Social media sites can help with assessing the impact of natural disasters like Hurricane Harvey, but federal authorities overlook much of the critical information those sites convey, according to new research.
The report shows almost half of the Hurricane Harvey damage reports people provided using social media were not captured by Federal Emergency Management Agency (FEMA) estimates.
Initial Harvey damage estimates based on FEMA models missed areas of heavy impact.
“Social media, in particular Twitter, has been used to evaluate aspects of disaster related to public and private spaces and records,” says Carlos Villegas, a researcher at Rice University’s Kinder Institute for Urban Research and coauthor of the report, which examines the use of social media and crowdsourced data sites during Hurricane Harvey.
The study evaluates the efficacy of FEMA property damage estimates by comparing them to Twitter-sourced damage reports and water rescue records from CrowdSource Rescue (CSR), a platform set up during Hurricane Harvey. The study tracked more than a million tweets between August 25 and September 8, 2017.
The study’s lead finding is that initial Harvey damage estimates based on FEMA models missed areas of heavy impact.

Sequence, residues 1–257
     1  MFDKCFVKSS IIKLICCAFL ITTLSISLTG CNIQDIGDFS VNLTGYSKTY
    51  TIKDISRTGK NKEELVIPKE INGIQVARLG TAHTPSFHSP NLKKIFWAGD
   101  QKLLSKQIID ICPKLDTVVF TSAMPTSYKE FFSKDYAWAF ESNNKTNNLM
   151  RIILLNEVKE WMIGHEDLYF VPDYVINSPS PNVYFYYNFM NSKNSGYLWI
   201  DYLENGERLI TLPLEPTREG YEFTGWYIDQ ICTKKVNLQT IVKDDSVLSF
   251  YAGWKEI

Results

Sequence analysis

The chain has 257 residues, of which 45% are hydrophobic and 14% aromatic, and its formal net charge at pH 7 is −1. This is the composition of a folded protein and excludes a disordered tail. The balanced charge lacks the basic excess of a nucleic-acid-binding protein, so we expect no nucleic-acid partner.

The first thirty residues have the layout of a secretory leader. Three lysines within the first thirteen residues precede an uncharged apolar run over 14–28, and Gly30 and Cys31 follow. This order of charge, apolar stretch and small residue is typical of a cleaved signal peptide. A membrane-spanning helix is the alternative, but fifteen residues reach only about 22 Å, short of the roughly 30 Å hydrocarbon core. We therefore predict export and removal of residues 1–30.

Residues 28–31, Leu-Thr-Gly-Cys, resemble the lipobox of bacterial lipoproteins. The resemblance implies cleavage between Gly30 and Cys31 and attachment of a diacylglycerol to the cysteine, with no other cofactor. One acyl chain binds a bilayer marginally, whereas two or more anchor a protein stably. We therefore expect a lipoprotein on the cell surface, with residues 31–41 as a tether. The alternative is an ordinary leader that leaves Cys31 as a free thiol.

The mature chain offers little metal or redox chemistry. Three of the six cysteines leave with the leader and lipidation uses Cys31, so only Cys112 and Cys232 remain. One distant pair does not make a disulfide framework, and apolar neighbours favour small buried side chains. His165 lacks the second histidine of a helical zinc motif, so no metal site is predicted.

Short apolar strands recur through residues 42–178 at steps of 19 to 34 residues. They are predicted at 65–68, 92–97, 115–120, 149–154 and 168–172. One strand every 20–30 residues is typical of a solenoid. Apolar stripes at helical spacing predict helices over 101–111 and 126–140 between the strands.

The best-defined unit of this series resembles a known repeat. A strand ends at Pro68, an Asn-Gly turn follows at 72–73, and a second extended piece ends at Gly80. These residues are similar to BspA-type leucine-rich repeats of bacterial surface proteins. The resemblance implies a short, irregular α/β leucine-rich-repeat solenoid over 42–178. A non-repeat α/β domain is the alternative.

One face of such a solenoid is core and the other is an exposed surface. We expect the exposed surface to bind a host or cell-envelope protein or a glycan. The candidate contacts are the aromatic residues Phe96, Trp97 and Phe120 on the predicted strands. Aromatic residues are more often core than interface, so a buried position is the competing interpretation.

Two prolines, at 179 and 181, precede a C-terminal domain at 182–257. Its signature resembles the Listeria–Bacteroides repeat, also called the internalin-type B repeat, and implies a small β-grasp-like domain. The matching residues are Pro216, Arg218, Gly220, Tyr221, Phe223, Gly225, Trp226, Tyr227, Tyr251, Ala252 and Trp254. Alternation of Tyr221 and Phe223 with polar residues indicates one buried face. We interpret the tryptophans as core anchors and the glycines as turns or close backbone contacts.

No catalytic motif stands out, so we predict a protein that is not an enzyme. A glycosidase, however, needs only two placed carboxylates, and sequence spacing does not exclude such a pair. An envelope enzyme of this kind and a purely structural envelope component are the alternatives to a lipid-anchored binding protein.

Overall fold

The researchers say supplementing the models with real-time analysis of social media and crowdsourced information could help identify those overlooked areas. FEMA estimates failed to capture 46 percent of Twitter-sourced estimates—reports tweeted during the storm by impacted individuals as property damage occurred.
“Social media accounts have become an essential tool for information and calls for assistance during storms and crisis situations, and we expect this to increase,” Villegas says. “During Hurricane Harvey, CSR was able to collect over 15,000 records and 5,200 rescue requests.”
“Social media and emergency crowdsourced sites have the potential to support normal channels of emergency communication…”
But in order to take advantage of the information social media and crowdsourcing provide, the report’s authors say public agencies should proactively create structures and plans to include it in recovery analysis.
“Social media and emergency crowdsourced sites have the potential to support normal channels of emergency communication, such as the 911 system, which can become overwhelmed during large disaster events,” Villegas says.
The report’s authors say that data agreements between cities, businesses, and research groups can help save time and create robust and accurate assessments of damage. They hope this report will encourage these types of groups to work together in the future.
Source: Rice University